Monthly Archives: December 2021

Meeting of January 25, 2022

Join us at 7 PM, January 25, 2022, at Holder’s Country Inn in San Jose. See the UPCOMING MEETINGS/MEETING INFO tab for specific times and meeting details. This month’s topic is

Meg Groeling on “First Fallen: The Life of Colonel Elmer Ellsworth, the North’s First Civil War Hero”

Colonel Elmer Ellsworth was the first Union officer killed in the American Civil War. When it happened, on May 24, 1861, the entire North was aghast. Ellsworth was a celebrity and had just finished traveling with his famed and entertaining U. S. Zouave Cadets drill team. They had performed at West Point, in New York City, and for President Buchanan before returning home to Chicago. Ellsworth then joined his friend and law mentor Abraham Lincoln in his quest for the presidency. When Lincoln put out the call for troops after Fort Sumter was fired upon, Ellsworth responded. Within days he was able to organize over a thousand New York firefighters into a regiment of volunteers.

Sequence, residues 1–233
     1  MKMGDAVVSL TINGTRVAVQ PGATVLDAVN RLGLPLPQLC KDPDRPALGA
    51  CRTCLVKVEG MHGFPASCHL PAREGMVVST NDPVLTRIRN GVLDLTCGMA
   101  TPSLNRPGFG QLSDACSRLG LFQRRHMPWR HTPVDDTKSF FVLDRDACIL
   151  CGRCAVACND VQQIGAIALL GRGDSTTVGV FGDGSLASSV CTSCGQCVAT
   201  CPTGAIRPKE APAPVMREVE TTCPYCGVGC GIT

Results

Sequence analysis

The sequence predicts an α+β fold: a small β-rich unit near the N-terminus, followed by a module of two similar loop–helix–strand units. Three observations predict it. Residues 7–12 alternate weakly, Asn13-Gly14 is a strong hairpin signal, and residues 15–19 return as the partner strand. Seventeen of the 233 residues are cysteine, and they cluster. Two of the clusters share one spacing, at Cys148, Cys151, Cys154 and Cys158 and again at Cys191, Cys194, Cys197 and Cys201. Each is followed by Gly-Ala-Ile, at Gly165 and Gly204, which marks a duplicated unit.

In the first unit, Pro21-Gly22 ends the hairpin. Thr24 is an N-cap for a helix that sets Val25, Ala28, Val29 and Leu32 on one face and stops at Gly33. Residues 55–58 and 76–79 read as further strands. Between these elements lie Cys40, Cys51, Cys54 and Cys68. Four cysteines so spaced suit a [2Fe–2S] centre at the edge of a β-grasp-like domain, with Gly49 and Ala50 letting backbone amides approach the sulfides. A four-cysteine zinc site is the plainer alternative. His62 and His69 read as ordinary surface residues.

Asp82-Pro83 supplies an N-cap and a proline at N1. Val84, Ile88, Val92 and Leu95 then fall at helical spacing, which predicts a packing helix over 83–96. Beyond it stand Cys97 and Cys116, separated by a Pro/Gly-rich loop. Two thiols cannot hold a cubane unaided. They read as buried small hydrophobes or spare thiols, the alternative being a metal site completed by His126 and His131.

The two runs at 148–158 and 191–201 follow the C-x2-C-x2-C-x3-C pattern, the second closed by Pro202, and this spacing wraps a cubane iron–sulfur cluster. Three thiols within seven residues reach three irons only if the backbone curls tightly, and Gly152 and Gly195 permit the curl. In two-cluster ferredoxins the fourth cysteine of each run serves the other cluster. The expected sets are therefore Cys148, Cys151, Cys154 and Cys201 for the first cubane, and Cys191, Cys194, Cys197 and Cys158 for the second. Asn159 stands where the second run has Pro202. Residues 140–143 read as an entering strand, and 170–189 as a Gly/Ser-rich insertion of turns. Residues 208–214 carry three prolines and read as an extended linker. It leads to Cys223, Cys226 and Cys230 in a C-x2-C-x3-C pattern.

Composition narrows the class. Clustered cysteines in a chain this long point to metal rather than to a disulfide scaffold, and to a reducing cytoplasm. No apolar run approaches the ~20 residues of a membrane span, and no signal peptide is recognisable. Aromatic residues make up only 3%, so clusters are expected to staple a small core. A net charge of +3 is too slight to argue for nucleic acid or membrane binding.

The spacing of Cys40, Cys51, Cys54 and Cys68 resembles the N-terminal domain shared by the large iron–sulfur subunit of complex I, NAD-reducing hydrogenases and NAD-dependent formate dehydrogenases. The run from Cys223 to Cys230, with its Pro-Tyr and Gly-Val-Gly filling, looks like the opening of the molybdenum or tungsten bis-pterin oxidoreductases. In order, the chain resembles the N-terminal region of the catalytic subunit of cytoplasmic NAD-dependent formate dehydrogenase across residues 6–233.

Was it youthful enthusiasm or a lack of formal training that resulted in his death? There is evidence on both sides. What is definite is that the Lincolns rushed to the Navy Yard to view the body of the young man they had loved as a son. Mary Lincoln insisted that he lie in state in the East Room of their home. The elite of New York brought flowers to the Astor House en memoriam. Six members of the 11th New York accompanied their commander’s coffin. When the young colonel’s remains were finally interred in the Hudson View Cemetery, the skies opened up. A late May afternoon thunderstorm broke out in the middle of the procession, referred to as “tears from God himself.” Only eight weeks later, the results of the battle of First Bull Run knocked Ellsworth out of the headlines. The trickle of blood had now become a torrent, not to end for four more years of war.